Feedback: Bernard van de Kamp, Regional Projects Manager, 425-452-6459 or firstname.lastname@example.org
IT director makes country's top 25
Government Technology magazine, which annually honors chief technology officers who have demonstrated visionary leadership in the public sector, included Bellevue IT director Toni Cramer on its list this year.
The magazine credits Cramer, who has led the Information Technology Department for the past 10 years, for the introduction of the innovative eCityGov Alliance.
The Alliance allows computer users to find parks and commercial property in dozens of area cities by just visiting one, searchable website. People can also go to one place to obtain permits from multiple cities. The service relies on "cloud computing," with the cities in the alliance paying Bellevue to make their data available on its servers.
Feedback: Chelo Picardal, chief technology officer, 425-452-6106 or email@example.com
Council approves annual street repaving work
Council members approved the 2010 Overlay Program, an annual effort to repave city roadways -- before they deteriorate to the point when more costly repairs are needed.
This year, about 28 lane miles of roadway will be repaved at several different locations, mostly in the area south of Interstate 90. The work will include 9.2 lane miles of arterial streets and 18.7 lane miles of residential streets. The total cost of this year's overlay program is $4.65 million, nearly 23 percent less than the engineer's estimate of $6.02 million.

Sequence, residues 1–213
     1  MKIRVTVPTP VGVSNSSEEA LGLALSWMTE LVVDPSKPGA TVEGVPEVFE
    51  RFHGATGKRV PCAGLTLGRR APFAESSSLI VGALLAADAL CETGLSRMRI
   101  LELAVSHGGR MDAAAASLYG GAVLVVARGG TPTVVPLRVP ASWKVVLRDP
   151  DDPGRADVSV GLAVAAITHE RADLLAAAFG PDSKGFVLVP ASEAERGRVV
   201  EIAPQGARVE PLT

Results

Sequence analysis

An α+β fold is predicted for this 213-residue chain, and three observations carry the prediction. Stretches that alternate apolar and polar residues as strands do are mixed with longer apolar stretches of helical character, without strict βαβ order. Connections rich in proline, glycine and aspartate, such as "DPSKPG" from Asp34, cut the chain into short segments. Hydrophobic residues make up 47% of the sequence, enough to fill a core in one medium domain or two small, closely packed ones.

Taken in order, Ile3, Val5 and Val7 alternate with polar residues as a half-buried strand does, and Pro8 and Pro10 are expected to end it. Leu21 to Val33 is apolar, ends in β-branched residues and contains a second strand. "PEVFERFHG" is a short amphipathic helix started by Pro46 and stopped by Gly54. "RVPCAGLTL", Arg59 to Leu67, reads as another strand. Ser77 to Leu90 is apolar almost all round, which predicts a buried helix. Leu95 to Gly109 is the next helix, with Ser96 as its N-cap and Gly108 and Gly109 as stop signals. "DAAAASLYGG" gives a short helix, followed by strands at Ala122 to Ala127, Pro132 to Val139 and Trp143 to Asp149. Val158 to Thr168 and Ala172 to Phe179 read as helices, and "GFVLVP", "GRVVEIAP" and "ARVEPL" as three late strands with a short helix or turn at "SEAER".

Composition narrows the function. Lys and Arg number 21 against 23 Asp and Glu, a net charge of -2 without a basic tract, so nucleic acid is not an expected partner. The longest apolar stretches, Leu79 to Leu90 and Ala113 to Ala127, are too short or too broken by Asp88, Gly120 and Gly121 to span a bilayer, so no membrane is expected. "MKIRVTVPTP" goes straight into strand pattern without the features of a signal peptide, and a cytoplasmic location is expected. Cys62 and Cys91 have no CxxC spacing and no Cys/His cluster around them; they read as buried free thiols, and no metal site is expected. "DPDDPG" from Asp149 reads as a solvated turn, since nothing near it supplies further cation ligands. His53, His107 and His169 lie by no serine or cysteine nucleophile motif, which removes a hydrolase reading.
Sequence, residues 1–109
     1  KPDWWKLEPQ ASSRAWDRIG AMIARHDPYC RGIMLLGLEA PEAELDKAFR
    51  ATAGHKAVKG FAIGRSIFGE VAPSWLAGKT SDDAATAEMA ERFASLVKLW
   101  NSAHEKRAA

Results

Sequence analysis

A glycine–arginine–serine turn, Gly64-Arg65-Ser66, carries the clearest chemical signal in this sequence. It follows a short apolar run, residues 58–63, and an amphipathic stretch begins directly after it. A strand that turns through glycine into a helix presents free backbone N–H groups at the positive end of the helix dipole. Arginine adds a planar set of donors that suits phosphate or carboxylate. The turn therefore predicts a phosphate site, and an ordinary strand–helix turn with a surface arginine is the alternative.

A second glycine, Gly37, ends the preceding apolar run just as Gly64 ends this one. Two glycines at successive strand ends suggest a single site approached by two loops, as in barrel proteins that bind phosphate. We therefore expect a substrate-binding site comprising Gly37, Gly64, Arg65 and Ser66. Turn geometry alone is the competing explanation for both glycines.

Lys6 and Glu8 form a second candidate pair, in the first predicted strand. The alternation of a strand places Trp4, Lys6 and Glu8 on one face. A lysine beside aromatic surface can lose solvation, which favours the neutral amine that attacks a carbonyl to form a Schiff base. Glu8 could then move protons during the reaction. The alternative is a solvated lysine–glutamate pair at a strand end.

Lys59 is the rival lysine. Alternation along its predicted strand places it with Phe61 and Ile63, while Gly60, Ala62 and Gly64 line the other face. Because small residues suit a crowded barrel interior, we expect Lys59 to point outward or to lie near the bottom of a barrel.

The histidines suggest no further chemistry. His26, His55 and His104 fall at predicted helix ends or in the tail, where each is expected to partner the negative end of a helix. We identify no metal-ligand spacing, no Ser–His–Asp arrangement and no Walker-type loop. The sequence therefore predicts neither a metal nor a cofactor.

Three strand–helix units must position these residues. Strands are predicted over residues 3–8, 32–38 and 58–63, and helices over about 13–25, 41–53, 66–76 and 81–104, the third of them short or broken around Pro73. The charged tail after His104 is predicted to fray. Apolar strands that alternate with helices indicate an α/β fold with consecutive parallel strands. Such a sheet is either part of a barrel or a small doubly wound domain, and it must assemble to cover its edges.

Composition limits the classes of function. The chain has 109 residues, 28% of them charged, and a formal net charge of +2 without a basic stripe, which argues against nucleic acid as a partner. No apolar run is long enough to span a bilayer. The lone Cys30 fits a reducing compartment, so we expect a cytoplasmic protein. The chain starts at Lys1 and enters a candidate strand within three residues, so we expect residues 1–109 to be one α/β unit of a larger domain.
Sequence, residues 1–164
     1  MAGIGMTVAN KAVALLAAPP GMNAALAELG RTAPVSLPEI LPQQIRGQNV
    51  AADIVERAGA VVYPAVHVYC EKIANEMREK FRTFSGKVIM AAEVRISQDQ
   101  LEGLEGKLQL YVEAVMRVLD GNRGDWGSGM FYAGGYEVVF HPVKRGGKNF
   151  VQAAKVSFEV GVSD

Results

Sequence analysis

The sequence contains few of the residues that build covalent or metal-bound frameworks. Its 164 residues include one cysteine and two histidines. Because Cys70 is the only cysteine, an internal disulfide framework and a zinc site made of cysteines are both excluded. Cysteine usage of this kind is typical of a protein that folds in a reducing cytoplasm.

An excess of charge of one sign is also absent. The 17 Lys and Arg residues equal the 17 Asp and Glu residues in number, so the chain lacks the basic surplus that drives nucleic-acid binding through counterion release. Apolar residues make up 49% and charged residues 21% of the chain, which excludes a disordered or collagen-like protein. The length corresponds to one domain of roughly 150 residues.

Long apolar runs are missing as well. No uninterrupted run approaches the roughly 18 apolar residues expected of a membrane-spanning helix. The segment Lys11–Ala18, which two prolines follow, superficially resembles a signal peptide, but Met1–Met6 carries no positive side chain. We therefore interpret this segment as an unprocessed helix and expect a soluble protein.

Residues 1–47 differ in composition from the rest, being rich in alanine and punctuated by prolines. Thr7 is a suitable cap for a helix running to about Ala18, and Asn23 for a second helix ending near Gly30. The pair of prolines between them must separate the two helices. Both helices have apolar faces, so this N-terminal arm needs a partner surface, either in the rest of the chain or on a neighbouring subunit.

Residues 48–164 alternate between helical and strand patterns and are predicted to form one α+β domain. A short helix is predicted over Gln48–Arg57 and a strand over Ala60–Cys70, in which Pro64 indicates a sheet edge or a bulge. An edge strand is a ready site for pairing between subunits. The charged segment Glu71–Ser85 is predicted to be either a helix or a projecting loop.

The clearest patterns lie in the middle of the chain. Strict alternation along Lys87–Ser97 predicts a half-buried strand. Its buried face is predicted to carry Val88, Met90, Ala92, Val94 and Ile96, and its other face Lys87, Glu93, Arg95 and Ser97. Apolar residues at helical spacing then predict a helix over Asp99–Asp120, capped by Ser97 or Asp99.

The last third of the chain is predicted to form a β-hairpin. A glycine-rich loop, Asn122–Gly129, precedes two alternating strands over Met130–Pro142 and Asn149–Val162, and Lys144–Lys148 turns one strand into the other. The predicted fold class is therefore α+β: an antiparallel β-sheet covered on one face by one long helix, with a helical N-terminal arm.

In addition to repaving, the contractor, Lakeside Industries Inc., will repair curbs, gutters and sidewalks where needed, and install 144 curb ramps to meet requirements of the Americans with Disabilities Act. In some locations, crews will also restripe pavement to add bicycle lanes, a cost-saving measure compared to the expense of widening streets to create bike lanes.
Begun in 1982, the intent of the overlay program is to maximize previous investments to the city's 942 lane miles of roadway by repaving targeted sections before a more costly rebuild is needed. Street segments are reviewed every two years and repaving work is prioritized according to need.
2010 Overlay Program Map
Feedback: Teresa Becker, Pavement Manager, 425-452-7942 or firstname.lastname@example.org
Finance receives award
The city's Finance Department was recognized for preparing an annual financial report that clearly describes how the city spends its money.
The city earned its 27th consecutive Certificate of Achievement for Excellence in Financial Reporting for producing a readable 2008 Comprehensive Annual Financial Report that is efficiently organized according to accepted accounting principles.
Washington law requires that Bellevue publish a financial report each year, in addition to any budgets. The award was issued by the Government Finance Officers Association, a nonprofit professional association serving approximately 16,000 government finance professionals in the U.S. and Canada.
Feedback: Sara Lane, Assistant Finance Director, 425-452-7247 or email@example.com